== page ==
Why Iowa Bill that Bans Undercover Filming at Livestock Farms is a Bad IdeaPosted by Stephanie Ulmer, Guest Blogger on June 6, 2011
A post on kcrg.com reports that “Opponents of a measure aimed at helping agricultural operations guard against ‘gotcha’ videos secretly filmed inside livestock operations are raising food safety and other concerns in an attempt to keep House File 589 from reaching Gov. Terry Branstad’s desk this legislative session.” Sen. Matt McCoy, D-Des Moines, said last month that the bill, which is backed by agricultural interests, not only raises concerns about constitutional rights, animal welfare, and employee rights, but carries food-safety implications in the wake of last summer’s salmonella outbreak that forced millions of eggs to be recalled. And how about the great beef recall in California in 2008?
The post states that the legislation, which has already passed the House on a 66-27 vote and is on its way to the Senate, seeks to create new criminal and civil penalties for anyone convicted of tampering or interfering with property associated with a livestock or crop operation or secretly recording on farms. It could carry a penalty of up to five years in jail, as the proposed penalties range from misdemeanors to felonies. Backers say the legislation is needed to stop animal-rights activists from disrupting farm operations and using selectively edited video or photographs to put the agriculture industry in a bad light. Critics counter that the measure puts a chill on whistleblowers who would otherwise report the inhumane and illegal treatment of animals at some operations. Animal law experts also say there are serious constitutional questions with Iowa’s bill.
McCoy also said, “This could impact other industries who will also ask for this protection – it could be nursing homes, child-care centers, hospitals, medical clinics or Planned Parenthood clinics that don’t want undercover video of their care and practices of people being shared as well…It’s a first amendment issue but it’s also a consumer protection issue.” To make his point clear, McCoy has drafted amendments to the bill seeking to expand the prohibition on secretly videotaping at livestock facilities to include other facilities, such as nursing homes and abortion clinics.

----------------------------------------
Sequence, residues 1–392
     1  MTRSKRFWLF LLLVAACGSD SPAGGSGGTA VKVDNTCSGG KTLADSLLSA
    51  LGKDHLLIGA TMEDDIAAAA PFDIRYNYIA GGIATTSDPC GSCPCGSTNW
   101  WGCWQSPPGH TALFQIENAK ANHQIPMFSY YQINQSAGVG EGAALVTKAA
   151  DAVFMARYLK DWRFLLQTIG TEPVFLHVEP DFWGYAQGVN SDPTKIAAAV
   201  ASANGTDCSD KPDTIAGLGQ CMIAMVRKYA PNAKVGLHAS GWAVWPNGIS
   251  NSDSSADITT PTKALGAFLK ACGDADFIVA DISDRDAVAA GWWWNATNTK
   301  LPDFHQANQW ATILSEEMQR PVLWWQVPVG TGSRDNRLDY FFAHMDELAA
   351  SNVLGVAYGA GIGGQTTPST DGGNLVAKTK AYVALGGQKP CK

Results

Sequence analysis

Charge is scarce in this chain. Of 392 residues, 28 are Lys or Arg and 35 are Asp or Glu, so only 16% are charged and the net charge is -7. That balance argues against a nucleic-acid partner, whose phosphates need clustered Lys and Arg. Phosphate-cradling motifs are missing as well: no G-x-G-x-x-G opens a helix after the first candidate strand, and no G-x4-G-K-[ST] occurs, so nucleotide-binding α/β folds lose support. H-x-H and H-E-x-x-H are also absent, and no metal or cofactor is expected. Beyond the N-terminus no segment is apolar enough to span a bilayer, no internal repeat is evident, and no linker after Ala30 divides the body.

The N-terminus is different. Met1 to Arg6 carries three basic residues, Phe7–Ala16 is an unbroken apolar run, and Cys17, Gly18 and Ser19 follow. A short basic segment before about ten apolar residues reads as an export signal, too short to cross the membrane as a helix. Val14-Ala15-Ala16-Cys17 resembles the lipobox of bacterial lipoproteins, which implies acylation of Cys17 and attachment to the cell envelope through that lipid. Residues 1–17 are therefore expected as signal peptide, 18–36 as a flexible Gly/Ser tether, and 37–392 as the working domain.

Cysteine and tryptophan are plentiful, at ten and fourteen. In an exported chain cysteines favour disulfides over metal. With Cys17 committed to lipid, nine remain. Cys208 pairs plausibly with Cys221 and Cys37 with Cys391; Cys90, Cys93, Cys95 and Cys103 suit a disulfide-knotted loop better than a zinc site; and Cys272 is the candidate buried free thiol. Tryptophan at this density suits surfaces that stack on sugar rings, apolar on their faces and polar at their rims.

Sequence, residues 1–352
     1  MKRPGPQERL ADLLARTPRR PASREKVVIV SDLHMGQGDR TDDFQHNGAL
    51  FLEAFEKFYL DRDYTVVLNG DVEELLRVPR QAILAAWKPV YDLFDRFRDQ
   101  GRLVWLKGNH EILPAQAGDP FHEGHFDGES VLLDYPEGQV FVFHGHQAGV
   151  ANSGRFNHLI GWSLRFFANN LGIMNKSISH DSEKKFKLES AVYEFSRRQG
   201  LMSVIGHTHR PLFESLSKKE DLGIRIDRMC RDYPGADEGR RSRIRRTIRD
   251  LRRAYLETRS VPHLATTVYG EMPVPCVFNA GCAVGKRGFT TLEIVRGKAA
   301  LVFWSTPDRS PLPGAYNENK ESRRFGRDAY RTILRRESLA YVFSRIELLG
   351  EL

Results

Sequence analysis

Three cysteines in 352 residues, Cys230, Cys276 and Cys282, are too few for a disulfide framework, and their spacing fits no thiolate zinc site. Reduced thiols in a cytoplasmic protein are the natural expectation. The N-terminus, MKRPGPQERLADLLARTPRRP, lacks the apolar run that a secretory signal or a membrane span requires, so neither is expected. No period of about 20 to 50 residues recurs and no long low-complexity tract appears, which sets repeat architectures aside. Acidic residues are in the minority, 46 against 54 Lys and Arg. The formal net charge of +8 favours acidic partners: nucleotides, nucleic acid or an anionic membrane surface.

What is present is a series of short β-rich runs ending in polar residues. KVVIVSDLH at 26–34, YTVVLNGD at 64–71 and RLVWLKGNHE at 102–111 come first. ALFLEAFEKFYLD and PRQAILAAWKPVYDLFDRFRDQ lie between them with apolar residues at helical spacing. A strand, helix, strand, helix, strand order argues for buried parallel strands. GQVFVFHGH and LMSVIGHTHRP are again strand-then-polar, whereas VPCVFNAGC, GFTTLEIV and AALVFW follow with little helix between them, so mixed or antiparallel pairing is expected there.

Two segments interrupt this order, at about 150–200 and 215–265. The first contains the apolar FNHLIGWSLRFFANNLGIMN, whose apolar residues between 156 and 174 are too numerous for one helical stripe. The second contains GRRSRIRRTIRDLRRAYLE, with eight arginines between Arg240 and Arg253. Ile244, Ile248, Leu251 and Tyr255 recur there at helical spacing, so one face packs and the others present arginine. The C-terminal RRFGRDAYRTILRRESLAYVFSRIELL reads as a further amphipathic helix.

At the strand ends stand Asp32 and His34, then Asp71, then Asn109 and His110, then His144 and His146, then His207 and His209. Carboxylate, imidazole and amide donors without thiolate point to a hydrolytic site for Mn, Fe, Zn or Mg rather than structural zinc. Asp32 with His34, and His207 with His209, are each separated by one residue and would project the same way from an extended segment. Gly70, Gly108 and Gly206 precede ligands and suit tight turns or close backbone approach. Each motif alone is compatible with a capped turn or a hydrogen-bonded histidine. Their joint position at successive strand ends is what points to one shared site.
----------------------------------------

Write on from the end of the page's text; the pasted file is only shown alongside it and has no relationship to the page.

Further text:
In an editorial that appeared in the Des Moines Register, Drake University law professors Jerry L. Anderson and Jonathan Rosenbloom tried to answer the following questions: what does the animal agriculture industry have to hide and how did it convince key state officials to campaign for a law which would violate a citizen’s first amendment rights? They argued that one reasonable response to these videos would be to adopt humane treatment standards for agricultural animals. And some states have responded in just this way, banning confinement crates for veal calves and pregnant sows. Other states have acted to regulate restrictive poultry cages. In Iowa, however, the Legislature proposes instead to ban the videos. The professors believe that the bill is clearly intended to completely chill depictions of livestock abuse.
Their conclusion on the Iowa bill seems right on… “rather than address the issue of humane treatment of animals, the Iowa Legislature wants to kill the messenger.” Is this really the answer? If the truth cannot come out, then how can the animals be adequately and properly protected? Shouldn’t the legislators be debating how to ensure animal safety rather than how to protect some farmers from continuing possibly inhumane and illegal practices? The fact that this bill is even coming close to being a reality is very disconcerting. Similar bills have been introduced this year in Florida, Minnesota and New York. How unfortunate. If it could be proven that a video or photo was falsified, improperly edited or misrepresented true conditions, then that would be one thing — and could already be properly remedied through existing fraud and libel laws. But to penalize just the action of taking a photo or film is unreasonable, and would unduly harm the animals that so need our protection.